Seminar: “Prognostication and popular print culture under the Qing.” Dr Nathan Woolley, University of Glasgow, 25 January 2018
25 January 2018 (Thursday), 4-5.30pm
Location: Urban Studies Boardroom, Room 139, 29 Bute Gardens, University of Glasgow.
Abstract: In the Chinese cultural sphere, annual almanacs have long provided people with the means of dealing with the uncertainties of daily life. These almanacs contain a complex array of methods for predicting the future and understanding the vagaries of fate, as well as guidelines for moral and filial behaviour. Presented together, these instruments represent a scheme of knowledge for thinking about the present and the future. Since such works are used and discarded year upon year, changes in content over decades can provide insight into fluctuating patterns of need and interest. This presentation will consider almanacs from the early 19th century. Due to their ephemeral nature, few copies from this period exist today. Printed in large numbers on cheap paper from indifferently carved woodblocks, the examples that do survive are often found in overseas collections. Yet together they display a shifting range of material that intersects with works in other genres, revealing a flexible approach to content that attended to amusement as well as apotropaic functions. This paper will explore the content and construction of such texts and how they were produced and served their audiences. Nathan Woolley is a lecturer in the School of Social and Political Sciences at the University of Glasgow. His research focuses on religion, historiography and regional identity in pre-modern Chinese society.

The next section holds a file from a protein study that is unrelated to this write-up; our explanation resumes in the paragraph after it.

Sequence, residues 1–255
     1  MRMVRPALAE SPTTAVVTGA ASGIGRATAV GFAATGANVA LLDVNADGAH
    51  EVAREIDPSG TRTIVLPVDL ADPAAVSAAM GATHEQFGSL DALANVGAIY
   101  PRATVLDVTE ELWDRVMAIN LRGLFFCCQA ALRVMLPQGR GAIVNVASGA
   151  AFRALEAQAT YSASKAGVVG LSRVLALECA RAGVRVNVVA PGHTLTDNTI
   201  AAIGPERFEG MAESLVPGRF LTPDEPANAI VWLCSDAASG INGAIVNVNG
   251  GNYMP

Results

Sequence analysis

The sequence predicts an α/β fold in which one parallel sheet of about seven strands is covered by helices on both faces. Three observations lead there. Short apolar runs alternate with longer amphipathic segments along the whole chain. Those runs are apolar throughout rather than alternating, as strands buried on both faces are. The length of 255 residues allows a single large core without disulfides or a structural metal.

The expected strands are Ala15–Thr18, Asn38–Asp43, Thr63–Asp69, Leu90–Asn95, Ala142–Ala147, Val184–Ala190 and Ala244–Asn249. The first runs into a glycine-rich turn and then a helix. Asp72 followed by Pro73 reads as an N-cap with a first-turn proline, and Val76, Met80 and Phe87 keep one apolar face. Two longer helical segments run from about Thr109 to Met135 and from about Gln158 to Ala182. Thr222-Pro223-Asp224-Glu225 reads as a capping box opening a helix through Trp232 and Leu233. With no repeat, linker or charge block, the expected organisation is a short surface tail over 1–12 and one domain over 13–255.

First published: 5 April 2017